I no longer speculate lol. I've decided with this storm it's time to stop and only focus on the NHC forecast track. Anything I would tell you would be nothing but a guess and I definitely don't want people making decisions on my stupid guesses lol.
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Quoting MississippiWx:
This is stupid...now multiple models in the Gulf. I'll believe it when I see it...



This possible center relocation is going to throw the models for a loop anyway.
You know, I'm not too sure that the center ever relocated.

I think the NHC just had this moving way too fast. To be honest, I don't think Emily was ever moving at 17mph like the NHC is indicating.
Member Since: September 2, 2009 Posts: 130 Comments: 21194
Quoting FrankZapper:
I had my outpatient ankle arthroscopy this AM. They removed torn cartilage and drilled holes in my ankle. You must be preparing for the dress thing?


Oh yeah.....hope it went well for you. Looks like we finally have a serious storm building with what may be close to 100% chance hitting CONUS.
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Quoting MississippiWx:
This is stupid...now multiple models in the Gulf. I'll believe it when I see it...



This possible center relocation is going to throw the models for a loop anyway.


That has got to be one of the biggest model spreads I've ever seen.
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1604. 34chip
Quoting texwarhawk:


That could be a very dangerous situation if a strong one comes close. But then again I'm sure y'all have holding tanks for such situations. And if the pipes were to break the bridge would also probably be out.
They do have back up tanks here on the island. As far as I know they have only used them during Andrew in 1992, but not much since then. I think Emily is going to be moving closer to Florida and the keys, but not as a strong hurricane. What do you think?
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Quoting texwarhawk:


That would be directly under the convection right?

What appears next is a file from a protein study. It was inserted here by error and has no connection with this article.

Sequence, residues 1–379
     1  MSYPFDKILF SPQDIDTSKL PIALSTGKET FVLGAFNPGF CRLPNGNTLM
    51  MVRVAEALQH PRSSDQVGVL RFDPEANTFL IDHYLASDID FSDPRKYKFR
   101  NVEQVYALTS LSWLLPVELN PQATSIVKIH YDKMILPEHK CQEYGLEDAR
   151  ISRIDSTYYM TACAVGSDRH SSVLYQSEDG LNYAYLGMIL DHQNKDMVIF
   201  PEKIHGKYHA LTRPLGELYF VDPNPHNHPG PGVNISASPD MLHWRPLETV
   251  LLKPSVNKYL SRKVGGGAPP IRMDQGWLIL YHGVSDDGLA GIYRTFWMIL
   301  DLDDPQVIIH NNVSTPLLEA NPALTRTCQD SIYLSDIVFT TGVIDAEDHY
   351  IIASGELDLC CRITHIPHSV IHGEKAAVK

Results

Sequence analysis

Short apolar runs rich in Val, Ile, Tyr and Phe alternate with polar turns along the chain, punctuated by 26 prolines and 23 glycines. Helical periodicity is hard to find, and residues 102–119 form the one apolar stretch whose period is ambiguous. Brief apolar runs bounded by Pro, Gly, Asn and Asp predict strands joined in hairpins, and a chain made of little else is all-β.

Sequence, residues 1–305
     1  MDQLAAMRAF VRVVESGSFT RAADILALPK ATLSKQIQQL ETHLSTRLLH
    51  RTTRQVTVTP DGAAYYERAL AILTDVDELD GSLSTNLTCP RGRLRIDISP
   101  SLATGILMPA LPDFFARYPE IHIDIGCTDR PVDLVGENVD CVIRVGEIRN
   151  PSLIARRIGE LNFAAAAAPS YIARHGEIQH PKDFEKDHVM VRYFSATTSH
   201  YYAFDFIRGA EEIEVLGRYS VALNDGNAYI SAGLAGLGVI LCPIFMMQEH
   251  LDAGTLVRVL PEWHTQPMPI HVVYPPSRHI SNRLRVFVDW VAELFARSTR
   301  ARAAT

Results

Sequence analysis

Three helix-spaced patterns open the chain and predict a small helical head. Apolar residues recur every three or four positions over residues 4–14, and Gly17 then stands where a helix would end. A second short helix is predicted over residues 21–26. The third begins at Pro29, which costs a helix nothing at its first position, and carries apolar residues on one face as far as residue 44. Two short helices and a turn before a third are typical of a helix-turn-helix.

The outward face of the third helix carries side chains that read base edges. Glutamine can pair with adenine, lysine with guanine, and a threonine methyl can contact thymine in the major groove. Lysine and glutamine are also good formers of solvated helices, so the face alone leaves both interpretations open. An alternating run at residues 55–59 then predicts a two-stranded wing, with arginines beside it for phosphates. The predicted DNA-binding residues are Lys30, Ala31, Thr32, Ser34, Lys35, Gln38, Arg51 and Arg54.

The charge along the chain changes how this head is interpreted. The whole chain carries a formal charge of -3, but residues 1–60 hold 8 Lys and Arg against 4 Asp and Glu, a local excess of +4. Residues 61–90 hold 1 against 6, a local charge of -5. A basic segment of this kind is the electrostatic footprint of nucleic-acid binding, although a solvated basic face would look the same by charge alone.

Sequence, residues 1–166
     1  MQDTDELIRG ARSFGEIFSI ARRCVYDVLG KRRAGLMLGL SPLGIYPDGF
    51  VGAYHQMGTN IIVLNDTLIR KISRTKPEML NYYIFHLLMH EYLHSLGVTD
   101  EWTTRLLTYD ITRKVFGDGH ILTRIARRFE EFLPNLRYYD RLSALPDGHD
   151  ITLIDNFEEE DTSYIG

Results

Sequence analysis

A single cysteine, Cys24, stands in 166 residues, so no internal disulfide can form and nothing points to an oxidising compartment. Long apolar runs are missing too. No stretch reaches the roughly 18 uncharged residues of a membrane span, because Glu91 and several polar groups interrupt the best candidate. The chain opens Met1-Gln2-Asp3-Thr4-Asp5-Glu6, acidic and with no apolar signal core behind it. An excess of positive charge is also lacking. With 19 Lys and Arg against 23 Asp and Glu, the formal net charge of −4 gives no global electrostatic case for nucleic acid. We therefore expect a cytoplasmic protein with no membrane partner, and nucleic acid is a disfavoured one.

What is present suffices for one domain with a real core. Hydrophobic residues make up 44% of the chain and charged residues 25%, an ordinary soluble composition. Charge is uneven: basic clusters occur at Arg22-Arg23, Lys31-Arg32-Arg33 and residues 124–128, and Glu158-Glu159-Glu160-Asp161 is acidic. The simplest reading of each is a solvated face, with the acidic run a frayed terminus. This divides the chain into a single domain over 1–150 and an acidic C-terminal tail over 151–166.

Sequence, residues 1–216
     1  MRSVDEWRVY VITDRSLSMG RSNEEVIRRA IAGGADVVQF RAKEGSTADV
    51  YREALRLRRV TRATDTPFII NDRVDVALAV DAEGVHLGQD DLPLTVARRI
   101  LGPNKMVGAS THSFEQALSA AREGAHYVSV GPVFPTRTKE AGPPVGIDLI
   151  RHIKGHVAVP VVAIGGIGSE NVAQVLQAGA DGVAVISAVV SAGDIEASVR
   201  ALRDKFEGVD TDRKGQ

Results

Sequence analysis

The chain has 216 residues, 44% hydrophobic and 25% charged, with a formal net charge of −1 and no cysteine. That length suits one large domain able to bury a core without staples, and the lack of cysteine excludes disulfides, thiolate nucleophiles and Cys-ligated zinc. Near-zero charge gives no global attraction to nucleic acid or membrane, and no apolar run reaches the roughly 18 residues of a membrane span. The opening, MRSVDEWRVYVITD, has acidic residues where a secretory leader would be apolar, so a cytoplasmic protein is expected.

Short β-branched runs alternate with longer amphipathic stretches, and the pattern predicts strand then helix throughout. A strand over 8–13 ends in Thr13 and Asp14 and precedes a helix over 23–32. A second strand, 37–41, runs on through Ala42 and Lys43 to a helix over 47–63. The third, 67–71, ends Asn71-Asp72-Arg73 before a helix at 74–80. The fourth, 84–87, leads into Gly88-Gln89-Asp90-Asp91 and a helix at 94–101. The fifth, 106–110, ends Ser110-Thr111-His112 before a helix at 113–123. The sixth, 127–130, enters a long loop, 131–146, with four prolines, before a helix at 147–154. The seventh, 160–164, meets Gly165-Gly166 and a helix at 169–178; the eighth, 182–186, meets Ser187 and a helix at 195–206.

Indeed.
Member Since: July 15, 2006 Posts: 17 Comments: 10284
This is stupid...now multiple models in the Gulf. I'll believe it when I see it...



This possible center relocation is going to throw the models for a loop anyway.
Member Since: July 15, 2006 Posts: 17 Comments: 10284
Quoting MississippiWx:


The coordinates are what stick out to me. They are going with my thinking. Of course, it is a satellite estimate...


That would be directly under the convection right?
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Quoting texwarhawk:


Could you decode that for me-- I have no idea what it is saying.
Where's Nrt when you need him? Lol, he has a link that shows you what everything stands for. Unfortunately, I don't have it bookmarked. What I highlighted are the T-numbers though, and that's the important thing.

Quoting MississippiWx:


The coordinates are what stick out to me. They are going with my thinking. Of course, it is a satellite estimate...
Yup, I made an edit right after I posted it because I noticed how much further east the coordinates were juxtaposed against the latest ATCF update.
Member Since: September 2, 2009 Posts: 130 Comments: 21194
Quoting 34chip:
There are pipes under water that run down from the mainland Florida City. When a storm does come they shut the water off incase there is a break in the pipes.That is only if it was to be a strong storm. But dont get to excited about storms here like they do in Miami and other places. We deal with whatever may happen.


That could be a very dangerous situation if a strong one comes close. But then again I'm sure y'all have holding tanks for such situations. And if the pipes were to break the bridge would also probably be out.
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Quoting MiamiHurricanes09:
SAB at T2.5; TAFB at 3.0. Now I strongly believe that the NHC should increase the wind speed at 5a.m. because Emily is looking pretty darn good on satellite imagery.

AL, 05, 201108020545, 10, DVTS, CI, , 1520N, 6220W, , 3, 35, 2, , , , , , , , , , , , , , , , , L, SAB, MR, I, 5, 2525 /////, , , GOES13, CSC, T, DT=2.5 BO CBND MET=3.0 PT=2.5 FTBO DT

AL, 05, 201108020545, 10, DVTS, CI, , 1540N, 6290W, , 3, 45, 2, 1000, 2, DVRK, , , , , , , , , , , , , , L, TAFB, JS, I, 5, 3030 /////, , , GOES13, CSC, T,


The coordinates are what stick out to me. They are going with my thinking. Of course, it is a satellite estimate...
Member Since: July 15, 2006 Posts: 17 Comments: 10284
1596. 34chip
Quoting texwarhawk:


You know I've never really thought of it but where do y'all get your drinking water from? Is there a aquifer or desalination plant or pipeline from mainland?
There are pipes under water that run down from the mainland Florida City. When a storm does come they shut the water off incase there is a break in the pipes.That is only if it was to be a strong storm. But dont get to excited about storms here like they do in Miami and other places. We deal with whatever may happen.
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Quoting MiamiHurricanes09:
SAB at T2.5; TAFB at 3.0. Now I strongly believe that the NHC should increase the wind speed at 5p.m. because Emily is looking pretty good on satellite imagery.

AL, 05, 201108020545, 10, DVTS, CI, , 1520N, 6220W, , 3, 35, 2, , , , , , , , , , , , , , , , , L, SAB, MR, I, 5, 2525 /////, , , GOES13, CSC, T, DT=2.5 BO CBND MET=3.0 PT=2.5 FTBO DT